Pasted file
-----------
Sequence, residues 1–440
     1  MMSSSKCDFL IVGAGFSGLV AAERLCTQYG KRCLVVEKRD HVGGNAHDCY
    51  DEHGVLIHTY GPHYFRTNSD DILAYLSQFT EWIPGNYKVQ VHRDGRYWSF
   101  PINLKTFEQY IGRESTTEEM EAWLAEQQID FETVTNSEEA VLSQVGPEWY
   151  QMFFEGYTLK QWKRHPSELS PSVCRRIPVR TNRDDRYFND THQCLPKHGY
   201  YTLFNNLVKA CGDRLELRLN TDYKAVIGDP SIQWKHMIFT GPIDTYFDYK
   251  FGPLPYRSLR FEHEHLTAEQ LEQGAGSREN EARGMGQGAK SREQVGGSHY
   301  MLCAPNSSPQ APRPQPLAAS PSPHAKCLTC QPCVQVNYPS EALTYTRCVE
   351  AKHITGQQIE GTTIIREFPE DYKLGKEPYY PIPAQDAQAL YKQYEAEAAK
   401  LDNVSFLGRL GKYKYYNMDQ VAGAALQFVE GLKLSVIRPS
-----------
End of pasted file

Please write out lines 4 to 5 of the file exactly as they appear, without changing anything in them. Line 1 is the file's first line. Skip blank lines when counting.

   101  PINLKTFEQY IGRESTTEEM EAWLAEQQID FETVTNSEEA VLSQVGPEWY
   151  QMFFEGYTLK QWKRHPSELS PSVCRRIPVR TNRDDRYFND THQCLPKHGY